Related to a group called the "wagtails", American Pipits share their habit
of wagging their tails when walking over open territory. They can be found
throughout North America at some point during the year, nesting in the far
north and high elevations in the west in summer, migrating throughout much
of the continent in spring and fall, and wintering in in the southern U.S.
and near the coasts. American Pipits are formerly
known as the "Water Pipit".
Habitat: Prefers open terrain during migration
through the state, including mudflats, beaches, sandbars, and barren fields.
Diet: Mostly insects. Will
also eat seeds, especially those wintering inland.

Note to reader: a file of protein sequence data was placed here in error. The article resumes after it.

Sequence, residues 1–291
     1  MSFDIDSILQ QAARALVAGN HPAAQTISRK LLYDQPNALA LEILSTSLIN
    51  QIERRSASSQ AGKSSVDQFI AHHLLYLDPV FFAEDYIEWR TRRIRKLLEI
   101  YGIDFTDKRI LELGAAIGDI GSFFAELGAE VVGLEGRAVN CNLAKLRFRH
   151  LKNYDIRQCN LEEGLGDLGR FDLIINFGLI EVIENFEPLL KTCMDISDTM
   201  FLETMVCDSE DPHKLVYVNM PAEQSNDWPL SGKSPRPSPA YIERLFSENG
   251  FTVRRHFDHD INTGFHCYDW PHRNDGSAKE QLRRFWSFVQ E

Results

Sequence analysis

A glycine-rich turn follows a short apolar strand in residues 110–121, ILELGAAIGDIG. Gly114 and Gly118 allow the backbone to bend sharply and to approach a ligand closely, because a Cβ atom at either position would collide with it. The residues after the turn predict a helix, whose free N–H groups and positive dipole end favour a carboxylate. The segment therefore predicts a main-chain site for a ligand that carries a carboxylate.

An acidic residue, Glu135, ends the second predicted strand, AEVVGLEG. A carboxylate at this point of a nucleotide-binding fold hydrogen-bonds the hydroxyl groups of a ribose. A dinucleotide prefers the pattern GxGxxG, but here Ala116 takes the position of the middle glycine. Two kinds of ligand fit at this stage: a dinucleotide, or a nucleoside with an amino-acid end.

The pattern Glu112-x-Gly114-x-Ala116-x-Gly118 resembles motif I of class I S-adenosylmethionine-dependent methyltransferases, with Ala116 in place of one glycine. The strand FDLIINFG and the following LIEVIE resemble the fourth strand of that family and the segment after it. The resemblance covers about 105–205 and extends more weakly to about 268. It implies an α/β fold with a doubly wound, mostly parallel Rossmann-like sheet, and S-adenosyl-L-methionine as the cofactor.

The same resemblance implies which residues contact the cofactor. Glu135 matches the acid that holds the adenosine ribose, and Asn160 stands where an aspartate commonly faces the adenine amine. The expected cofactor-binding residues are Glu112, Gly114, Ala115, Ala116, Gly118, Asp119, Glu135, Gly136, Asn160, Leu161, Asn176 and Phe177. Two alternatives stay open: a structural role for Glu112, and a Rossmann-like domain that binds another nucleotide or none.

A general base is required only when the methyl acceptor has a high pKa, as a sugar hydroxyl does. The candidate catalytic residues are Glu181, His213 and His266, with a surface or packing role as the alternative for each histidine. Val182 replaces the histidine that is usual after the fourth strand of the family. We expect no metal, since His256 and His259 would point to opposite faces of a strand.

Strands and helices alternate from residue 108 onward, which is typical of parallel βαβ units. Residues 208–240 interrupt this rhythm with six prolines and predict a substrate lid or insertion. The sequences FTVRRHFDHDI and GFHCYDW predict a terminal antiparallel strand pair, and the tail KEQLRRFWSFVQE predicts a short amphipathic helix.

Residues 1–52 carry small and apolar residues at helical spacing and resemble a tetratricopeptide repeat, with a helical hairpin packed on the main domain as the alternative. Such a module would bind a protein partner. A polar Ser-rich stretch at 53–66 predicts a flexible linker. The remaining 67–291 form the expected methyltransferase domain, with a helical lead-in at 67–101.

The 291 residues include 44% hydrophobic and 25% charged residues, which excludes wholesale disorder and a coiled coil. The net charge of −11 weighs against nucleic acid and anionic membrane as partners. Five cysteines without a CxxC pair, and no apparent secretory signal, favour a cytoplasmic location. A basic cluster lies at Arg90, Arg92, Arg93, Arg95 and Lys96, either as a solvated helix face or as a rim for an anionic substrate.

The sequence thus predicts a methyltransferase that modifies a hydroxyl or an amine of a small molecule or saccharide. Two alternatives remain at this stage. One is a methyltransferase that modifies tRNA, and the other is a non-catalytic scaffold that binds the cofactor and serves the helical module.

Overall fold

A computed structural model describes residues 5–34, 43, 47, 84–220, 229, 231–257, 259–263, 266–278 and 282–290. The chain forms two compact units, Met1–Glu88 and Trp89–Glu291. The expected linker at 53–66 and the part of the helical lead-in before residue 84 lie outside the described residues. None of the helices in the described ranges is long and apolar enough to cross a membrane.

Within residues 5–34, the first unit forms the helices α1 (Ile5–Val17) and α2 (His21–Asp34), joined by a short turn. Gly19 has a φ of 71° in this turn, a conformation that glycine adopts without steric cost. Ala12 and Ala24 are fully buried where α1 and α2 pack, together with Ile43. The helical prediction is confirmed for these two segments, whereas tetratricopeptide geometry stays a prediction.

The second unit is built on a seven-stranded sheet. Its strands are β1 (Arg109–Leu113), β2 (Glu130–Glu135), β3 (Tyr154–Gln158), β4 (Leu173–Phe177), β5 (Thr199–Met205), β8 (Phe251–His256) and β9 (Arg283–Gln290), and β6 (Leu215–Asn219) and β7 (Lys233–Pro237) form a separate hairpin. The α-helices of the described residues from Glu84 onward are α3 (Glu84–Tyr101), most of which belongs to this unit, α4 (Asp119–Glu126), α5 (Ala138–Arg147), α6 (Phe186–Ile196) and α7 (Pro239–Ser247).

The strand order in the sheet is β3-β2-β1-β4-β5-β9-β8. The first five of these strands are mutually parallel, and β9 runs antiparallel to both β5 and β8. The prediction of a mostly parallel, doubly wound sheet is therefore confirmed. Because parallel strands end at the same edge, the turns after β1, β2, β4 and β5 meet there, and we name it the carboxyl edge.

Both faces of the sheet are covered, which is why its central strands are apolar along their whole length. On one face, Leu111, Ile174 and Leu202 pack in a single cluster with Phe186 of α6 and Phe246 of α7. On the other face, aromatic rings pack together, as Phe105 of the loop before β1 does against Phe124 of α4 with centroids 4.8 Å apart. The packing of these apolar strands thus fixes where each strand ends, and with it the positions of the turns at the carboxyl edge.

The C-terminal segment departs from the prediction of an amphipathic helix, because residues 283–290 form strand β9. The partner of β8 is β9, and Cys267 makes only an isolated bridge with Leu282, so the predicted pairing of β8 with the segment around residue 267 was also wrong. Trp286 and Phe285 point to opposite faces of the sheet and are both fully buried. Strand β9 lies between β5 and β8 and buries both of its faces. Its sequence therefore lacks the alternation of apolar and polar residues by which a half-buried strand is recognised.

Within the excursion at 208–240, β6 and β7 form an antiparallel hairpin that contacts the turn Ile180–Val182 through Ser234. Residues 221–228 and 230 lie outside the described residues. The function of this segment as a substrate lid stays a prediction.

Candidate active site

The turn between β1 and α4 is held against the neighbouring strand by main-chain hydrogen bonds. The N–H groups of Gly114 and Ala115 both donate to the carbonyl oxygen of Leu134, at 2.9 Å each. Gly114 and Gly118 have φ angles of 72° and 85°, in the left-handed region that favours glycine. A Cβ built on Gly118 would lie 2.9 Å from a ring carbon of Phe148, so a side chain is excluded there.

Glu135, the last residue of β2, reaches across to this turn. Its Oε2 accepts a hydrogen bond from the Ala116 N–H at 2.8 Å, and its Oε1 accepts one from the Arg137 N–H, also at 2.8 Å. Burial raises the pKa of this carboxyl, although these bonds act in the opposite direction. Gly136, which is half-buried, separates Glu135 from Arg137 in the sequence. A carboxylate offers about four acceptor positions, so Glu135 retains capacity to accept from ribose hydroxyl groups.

Behavior: Feeds by walking along the ground,
looking for insects. They are normally found in flocks, except during
the breeding season.
Breeding: Non-breeder in South Dakota
Song: Rapid series in
flight of chweee-chweee-chweee.
Migration: Summers in Northern Canada, British Columbia, Alaska, and
high elevations in the Rocky Mountains. Winters in the southern U.S.,
along the coasts, and points south.
Conservation Status: Numbers and range are generally stable
Cornell University's "All About Birds - American Pipit"
Photo Information: November 10th, 2008 - Wall Lake
in Minnehaha County, South Dakota - Terry Sohl
Additional Photos: Click on the image chips or
text links below for additional, higher-resolution American Pipit photos.